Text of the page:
O'Neill:  Currently I am committed to two great programs, the Green Bay Gamblers and UNH. I am excited about my chance to learn from these two coaching staffs and contribute to the team.

Lowry:  Have you and the UNH coaches agreed on a target date for you to enroll as a freshman at UNH and join the team?
O'Neill:  Obviously I would love to come right in in 2015. I trust that the coaching staff will evaluate my development and bring me in when it is best for the team.

Lowry:  You were born in South Carolina and now live in Franklin, Tennessee. How did you get interested in playing ice hockey?
O'Neill:  When I was a kid in South Carolina, we had a 20x20 porch in the back of our house and my dad also had an old roller hockey stick laying around in the garage. So I picked it up and started playing with it. Also, I watched the Mighty Ducks movies and that just put me over the edge.
I played mite and squirt hockey in Augusta, GA and then played a couple years in Columbia, SC with the Columbia Cyclones. After that, I went and tried out for a AAA team called TPH Thunder that is made up of kids from all over the Southeast. I ended up making that team and played there for four years and now I am in Green Bay with the Gamblers.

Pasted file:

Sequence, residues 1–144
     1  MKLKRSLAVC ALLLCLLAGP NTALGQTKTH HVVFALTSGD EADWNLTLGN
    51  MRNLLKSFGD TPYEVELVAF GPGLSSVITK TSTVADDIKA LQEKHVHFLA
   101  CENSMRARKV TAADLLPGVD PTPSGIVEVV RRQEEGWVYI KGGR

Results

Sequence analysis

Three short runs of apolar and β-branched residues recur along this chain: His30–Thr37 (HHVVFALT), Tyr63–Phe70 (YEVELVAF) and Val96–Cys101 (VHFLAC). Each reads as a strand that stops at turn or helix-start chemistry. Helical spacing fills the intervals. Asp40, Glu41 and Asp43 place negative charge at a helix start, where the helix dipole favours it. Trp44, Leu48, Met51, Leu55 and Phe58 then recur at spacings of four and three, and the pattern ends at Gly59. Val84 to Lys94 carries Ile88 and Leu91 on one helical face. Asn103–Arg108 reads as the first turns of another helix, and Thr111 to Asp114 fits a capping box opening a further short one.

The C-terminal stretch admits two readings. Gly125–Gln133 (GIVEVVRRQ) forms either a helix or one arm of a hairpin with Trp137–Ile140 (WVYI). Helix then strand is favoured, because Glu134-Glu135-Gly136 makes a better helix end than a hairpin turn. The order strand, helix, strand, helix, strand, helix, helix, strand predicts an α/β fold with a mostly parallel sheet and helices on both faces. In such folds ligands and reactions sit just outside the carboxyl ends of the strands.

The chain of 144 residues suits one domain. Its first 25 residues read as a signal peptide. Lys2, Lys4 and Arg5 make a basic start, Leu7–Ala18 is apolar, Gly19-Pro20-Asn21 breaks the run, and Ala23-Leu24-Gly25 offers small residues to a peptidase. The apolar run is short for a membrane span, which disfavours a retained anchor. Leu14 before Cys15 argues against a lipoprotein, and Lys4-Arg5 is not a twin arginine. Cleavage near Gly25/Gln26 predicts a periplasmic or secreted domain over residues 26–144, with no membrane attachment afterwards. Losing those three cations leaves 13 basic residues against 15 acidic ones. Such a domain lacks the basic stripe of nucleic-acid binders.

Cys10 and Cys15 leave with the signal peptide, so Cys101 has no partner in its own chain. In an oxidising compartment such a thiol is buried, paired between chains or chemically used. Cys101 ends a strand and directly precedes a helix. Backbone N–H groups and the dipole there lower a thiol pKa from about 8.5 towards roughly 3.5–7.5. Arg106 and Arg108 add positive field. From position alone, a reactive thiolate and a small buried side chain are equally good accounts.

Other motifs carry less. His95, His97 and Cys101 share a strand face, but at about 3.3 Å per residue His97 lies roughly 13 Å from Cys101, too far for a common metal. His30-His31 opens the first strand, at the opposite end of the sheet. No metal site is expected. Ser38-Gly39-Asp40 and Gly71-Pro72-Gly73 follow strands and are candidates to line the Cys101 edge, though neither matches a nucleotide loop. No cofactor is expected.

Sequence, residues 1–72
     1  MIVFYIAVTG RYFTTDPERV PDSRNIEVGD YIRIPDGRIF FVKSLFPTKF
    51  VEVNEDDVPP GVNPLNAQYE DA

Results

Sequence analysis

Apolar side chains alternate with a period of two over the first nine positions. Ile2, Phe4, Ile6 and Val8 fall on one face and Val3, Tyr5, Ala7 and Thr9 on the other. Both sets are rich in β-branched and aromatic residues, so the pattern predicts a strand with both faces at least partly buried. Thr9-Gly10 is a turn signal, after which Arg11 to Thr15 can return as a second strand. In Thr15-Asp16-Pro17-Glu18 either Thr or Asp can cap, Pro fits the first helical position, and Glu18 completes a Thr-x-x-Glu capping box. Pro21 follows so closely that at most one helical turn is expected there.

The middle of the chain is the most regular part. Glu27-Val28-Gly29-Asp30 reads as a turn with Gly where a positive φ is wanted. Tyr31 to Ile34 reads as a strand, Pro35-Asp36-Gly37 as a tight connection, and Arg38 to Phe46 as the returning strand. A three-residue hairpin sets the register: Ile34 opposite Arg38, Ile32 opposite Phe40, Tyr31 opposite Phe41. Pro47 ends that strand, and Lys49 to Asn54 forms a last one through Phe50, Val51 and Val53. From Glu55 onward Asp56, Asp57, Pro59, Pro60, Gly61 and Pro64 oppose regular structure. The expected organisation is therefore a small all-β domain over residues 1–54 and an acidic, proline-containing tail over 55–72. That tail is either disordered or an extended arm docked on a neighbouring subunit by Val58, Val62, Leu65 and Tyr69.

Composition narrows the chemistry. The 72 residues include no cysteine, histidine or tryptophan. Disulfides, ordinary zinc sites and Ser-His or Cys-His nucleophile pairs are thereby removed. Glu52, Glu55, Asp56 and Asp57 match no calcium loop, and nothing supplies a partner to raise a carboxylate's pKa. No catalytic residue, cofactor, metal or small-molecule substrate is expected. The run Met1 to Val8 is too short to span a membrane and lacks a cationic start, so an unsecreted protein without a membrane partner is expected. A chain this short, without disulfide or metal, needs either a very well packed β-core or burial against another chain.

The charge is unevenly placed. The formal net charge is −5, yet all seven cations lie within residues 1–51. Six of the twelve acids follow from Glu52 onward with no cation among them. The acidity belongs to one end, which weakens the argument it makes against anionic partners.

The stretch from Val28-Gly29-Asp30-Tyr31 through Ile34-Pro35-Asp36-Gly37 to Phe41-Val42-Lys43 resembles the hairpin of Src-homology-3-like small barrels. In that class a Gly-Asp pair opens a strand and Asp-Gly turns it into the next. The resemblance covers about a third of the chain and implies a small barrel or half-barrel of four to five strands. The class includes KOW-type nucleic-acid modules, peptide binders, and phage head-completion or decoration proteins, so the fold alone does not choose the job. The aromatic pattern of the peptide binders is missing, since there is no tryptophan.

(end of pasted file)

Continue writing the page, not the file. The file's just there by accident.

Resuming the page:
Lowry:  You signed a tender to play for the Green Bay Gamblers this season. At age 16, you will be one of the younger players in the USHL. What do you hope to accomplish by the end of the season?
O'Neill:  I want to contribute to the team night in and night out and show my teammates I am someone they can depend on. I have played center in the past and I know at least at first I am going to have to focus on doing a better job at the wing position. The Green Bay staff has done a good job at developing young players in the USHL. I am going to work my butt off an trust in the process.

Lowry:  What are the strongest aspects of your skills as a forward and what areas are you working to improve?
O'Neill: I would say that my strongest aspect is my skating. I use it to generate rushes and scoring chances as well as helping out on the back check in the defensive zone. I also feel that I have good vision on the ice. I do a good job at making outlet passes to start rushes and finding the open man.
I need to improve on my consistency, my movement without the puck as well as my work in small areas. I need to keep trying to shorten the gap between my worst game and my best game because that is what separates the good players from the great ones. At this level everyone is good and I want to work to be the best in everything I do. 

Lowry:  What are your academic strengths? Is there a major course of study you would like to pursue when you get to UNH?
O'Neill: Academics are one thing that I have always taken very serious. No one can ever take away my education. My next practice I could have a career ending injury and be out of hockey so having that strong education to fall back on is extremely important.
At UNH I am looking to major in Business Management and possibly take pre-law as well. After I am done playing I still want to be involved in hockey in some way. My goal is to one day be an NHL general manager.